As far as all the added ingredients, it's the molecular gastronomy influence, I think, or maybe the egullet boy's club thing (sorry guys, and any females that have posted to egullet) or how to build a better caramel, one of those. I'm caught up in sticking to the basics, although there's another caramel thread happening right now and I did ask for the condensed milk version caramel recipe, but at least I'm not using Sorbitol.

                          1. re: bushwickgirl

                            Part of me loves all that stuff and I can get quite caught up in reading/learning about all the "chemistry set ingredients." It really didn't strike me till after someone posted the original recipe w/o the extras, that there's a real merit in learning how to manipulate the basic ingredients. It's all chemistry after all. I accidentally came home with someone else's condensed milk from the store a few months ago . . . that might be a good use for it. Another hour or two lost on the caramel threads is in my near future.

                      2. re: runwestierun

                        I'm sorry about storm experience, RWR. You've got a great spirit though. Just make caramels! I wasn't online yesterday but see that Kelly also asked you about humidity. I used to live in Vancouver - same climate as yours - so know EXACTLY what you're talking about.

                        There was a good thread on the Cookware board about buying pots. I think it was something like "Is All-Clad worth it?" and a lot of people chimed in with a brand they found as good as All-Clad for a fraction of the price in one of those big-box stores. A tool and dye actually took his equipment and measured the thickness of each and found the cheaper one to the be as good. If I find the thread I will include it here. Even if it's just to accumulate one inexpensive-high quality pot at a time when you're in your nearest city. Good luck! Keep making caramels.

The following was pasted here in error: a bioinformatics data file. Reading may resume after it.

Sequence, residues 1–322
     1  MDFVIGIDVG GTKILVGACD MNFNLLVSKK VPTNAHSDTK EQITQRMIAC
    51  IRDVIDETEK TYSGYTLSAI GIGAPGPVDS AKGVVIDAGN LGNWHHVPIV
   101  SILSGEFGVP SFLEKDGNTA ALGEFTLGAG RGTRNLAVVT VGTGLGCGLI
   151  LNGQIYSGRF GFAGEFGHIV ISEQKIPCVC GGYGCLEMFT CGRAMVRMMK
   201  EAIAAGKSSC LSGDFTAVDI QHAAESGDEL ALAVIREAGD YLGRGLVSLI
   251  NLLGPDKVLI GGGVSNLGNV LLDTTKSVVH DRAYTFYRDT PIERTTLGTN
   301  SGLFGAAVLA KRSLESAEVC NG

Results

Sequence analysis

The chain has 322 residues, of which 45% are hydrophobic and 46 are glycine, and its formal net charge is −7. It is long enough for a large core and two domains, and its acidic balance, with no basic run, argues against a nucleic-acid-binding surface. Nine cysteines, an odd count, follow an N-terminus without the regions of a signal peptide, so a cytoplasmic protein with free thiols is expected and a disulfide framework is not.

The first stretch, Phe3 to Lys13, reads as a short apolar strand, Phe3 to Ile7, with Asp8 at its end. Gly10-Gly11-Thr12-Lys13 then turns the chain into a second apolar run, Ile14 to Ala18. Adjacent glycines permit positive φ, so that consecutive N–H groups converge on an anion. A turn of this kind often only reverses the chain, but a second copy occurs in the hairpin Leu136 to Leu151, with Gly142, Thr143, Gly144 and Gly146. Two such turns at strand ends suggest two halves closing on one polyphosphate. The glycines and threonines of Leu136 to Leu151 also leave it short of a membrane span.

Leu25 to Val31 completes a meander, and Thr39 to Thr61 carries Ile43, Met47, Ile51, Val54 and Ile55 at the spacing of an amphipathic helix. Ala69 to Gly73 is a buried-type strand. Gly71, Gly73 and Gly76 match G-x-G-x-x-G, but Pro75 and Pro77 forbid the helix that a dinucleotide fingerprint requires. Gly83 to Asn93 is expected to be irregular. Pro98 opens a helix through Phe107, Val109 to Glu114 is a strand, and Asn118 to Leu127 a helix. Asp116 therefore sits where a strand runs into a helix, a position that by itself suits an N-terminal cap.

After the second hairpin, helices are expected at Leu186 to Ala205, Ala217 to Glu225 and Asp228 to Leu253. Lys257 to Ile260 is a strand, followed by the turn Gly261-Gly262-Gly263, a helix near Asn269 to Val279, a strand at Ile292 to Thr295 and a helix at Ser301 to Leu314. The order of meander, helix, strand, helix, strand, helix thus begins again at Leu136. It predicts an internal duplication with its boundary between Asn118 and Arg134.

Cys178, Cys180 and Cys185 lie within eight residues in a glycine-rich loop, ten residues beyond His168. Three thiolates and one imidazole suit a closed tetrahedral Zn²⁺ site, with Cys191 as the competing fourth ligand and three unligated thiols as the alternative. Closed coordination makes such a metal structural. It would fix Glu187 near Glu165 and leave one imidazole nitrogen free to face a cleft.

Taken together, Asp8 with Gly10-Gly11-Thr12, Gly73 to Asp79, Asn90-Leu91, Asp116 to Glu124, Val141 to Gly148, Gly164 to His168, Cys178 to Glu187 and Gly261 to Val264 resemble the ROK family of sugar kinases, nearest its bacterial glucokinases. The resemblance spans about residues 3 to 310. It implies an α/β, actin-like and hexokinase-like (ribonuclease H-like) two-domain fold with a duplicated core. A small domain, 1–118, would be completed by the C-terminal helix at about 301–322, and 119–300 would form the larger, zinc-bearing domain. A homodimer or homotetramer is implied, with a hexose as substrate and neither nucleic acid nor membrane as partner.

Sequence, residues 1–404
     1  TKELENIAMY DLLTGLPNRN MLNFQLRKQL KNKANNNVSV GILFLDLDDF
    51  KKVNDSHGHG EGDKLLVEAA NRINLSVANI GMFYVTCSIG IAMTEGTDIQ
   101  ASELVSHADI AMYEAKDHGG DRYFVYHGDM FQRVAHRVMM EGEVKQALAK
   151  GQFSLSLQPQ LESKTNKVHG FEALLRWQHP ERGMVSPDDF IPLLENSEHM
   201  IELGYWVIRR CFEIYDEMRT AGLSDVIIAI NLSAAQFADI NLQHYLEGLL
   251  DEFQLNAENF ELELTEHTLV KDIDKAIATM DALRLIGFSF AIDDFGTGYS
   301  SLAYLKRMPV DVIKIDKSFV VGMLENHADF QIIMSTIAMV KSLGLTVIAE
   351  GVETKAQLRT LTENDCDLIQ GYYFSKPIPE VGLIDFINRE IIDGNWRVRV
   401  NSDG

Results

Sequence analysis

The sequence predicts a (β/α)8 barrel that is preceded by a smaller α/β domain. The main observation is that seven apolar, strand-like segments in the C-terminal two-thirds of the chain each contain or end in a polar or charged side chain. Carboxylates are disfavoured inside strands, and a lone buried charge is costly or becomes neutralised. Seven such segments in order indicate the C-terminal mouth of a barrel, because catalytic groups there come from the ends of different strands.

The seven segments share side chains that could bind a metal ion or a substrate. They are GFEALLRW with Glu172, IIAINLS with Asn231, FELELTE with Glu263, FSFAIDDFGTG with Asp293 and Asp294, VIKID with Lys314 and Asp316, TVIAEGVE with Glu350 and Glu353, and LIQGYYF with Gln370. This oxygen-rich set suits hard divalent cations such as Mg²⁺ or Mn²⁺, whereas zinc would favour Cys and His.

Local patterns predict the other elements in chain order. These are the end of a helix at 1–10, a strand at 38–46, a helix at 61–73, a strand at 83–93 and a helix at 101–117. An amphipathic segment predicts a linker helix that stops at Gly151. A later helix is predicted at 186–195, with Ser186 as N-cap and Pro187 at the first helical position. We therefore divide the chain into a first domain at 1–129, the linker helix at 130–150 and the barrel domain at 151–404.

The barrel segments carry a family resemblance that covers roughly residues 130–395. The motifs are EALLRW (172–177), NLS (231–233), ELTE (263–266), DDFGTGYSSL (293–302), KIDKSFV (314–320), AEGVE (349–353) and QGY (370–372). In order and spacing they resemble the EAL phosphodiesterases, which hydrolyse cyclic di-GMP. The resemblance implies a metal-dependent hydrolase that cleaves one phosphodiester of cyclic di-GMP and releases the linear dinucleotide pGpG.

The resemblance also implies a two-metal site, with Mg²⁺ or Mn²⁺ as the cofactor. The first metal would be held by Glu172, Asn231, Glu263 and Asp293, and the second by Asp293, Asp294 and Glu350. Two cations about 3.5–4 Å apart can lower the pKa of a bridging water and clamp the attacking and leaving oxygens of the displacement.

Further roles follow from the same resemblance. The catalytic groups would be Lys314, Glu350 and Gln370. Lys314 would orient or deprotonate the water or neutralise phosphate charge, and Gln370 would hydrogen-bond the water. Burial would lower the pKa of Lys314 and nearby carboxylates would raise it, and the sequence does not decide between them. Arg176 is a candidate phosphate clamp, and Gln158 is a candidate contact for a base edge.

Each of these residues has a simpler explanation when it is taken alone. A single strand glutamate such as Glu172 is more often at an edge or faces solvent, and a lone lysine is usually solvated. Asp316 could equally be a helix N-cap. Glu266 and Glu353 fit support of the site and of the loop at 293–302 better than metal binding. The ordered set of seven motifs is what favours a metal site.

1. re: cinnamon girl

                          Thank you all! I have not tried making them yet, the new husband is visiting his sister far away and I am doing the spring cleaning early this year the way I like to do it--gut everything, clean everything, and then put it all back. It pretty much requires living alone.

                          I hope things are going better for you, BWG. Or at least that your troubles are easily cured by baking. You mentioned that there is another caramel thread happening. Is it on EG? Could you please post a link?

                          Also, I would gladly post my recipe if anyone wanted to try it and see if they degraded (I assume you all live in the desert.)

                            1. re: runwestierun

                              Thanks for the kindness, mostly my life is ruled by my disability and the poverty it has led me to, but as I'm sure you know, things change, so I don't expect to have this life, as it stands, last forever. Onward and upward, and something sweet to eat can't be beat. Sure, post the recipe!

                              That said, here's the other link, possibly with some info for you that would be useful:

                              Good luck with your spring cleaning endeavors. My place needs the same treatment and now we have the cat fur shedding season coming...

                              1. re: bushwickgirl

                                Absolutely! Things certainly do change and your situation will change for the better.

            2. shelf-stable beyond a few days belongs to manufacturers (who don't mind preservatives and other crap). i wouldn't change that caramel with anything, just don't make too much. if you were giving it away, just attach a 'best before' tag.